And for the year 2017, the EPF declared its highest payout since the financial crisis of 1997 – 6.9 percent.
Meanwhile, our CPF interest rate has stagnated at 2.5 percent since 2001.
But let’s compare apples to apples – while our CPF interest rate has remained stagnant for the past 16 years, Malaysia’s EPF interest rate has steadily increased over the past 16 years, with 2017 marking a 27 percent increase from 2001.
Take a look at the EPF table yourself.
Malaysia’s EPF mandates that employer’s pay more in contributions than employees you 11-12% vs towkay 13 %)
Singapore’s CPF mandates that you contribute more than your boss (you 20% vs towkay 17%)
Malaysia’s EPF rises when the economy improves
Singapore’s CPF (2.5% up to 4 %) remains unchanged constant despite economic recovery
Malaysia’s EPF is separated from government reserves.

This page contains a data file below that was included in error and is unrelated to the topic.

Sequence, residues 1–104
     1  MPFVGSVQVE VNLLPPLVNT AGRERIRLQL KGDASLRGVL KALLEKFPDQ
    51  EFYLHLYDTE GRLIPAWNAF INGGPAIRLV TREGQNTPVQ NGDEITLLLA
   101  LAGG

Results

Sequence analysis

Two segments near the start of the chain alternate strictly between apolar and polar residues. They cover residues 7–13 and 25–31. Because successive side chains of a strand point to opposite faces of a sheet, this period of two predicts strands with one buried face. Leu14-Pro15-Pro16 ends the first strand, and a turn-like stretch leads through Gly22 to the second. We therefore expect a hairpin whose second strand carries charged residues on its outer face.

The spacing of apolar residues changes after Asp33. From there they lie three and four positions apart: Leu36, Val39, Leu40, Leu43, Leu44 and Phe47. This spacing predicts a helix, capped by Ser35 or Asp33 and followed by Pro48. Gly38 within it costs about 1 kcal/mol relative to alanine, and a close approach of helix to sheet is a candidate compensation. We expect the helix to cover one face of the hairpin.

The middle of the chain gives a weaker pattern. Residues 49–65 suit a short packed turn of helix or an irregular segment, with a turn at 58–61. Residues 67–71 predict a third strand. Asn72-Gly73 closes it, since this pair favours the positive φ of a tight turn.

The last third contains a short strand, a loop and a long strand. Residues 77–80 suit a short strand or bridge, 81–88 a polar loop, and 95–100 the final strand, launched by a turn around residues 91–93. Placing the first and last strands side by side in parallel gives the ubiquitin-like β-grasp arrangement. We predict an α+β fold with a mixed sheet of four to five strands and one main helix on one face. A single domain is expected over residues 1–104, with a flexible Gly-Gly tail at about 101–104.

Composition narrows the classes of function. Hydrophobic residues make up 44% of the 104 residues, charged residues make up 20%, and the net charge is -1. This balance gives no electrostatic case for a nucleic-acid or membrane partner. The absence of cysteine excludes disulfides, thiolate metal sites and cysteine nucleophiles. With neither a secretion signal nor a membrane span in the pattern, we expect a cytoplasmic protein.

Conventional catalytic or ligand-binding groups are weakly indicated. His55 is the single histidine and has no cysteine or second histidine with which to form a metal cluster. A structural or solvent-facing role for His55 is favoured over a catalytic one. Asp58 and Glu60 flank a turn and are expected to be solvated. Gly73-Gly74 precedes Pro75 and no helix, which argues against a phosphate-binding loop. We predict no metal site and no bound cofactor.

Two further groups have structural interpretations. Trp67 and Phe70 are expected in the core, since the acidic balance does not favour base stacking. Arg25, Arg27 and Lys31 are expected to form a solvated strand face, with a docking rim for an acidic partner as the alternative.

Singapore’s CPF is managed together with government reserves
Malaysia’s EPF is managed by professional fund managers.
Singapore’s CPF comes under the hands of mostly former civil servants appointed by the gahmen
The question that comes to mind is how Malaysia, our supposedly “shabbier” sibling from the same mother, manages to consistently offer higher payouts than the Singapore government does.
The next question is, with the Singapore government constantly reminding you that CPF interest is “protected” from fluctuations in global markets, how Malaysia continue to give its citizens higher interest rates on its pension funds for the past 40 years in spite of global market fluctuations.
With the government looking to expand taxation rates and avenues, it’s time to look into whether we’re getting a good deal from the government.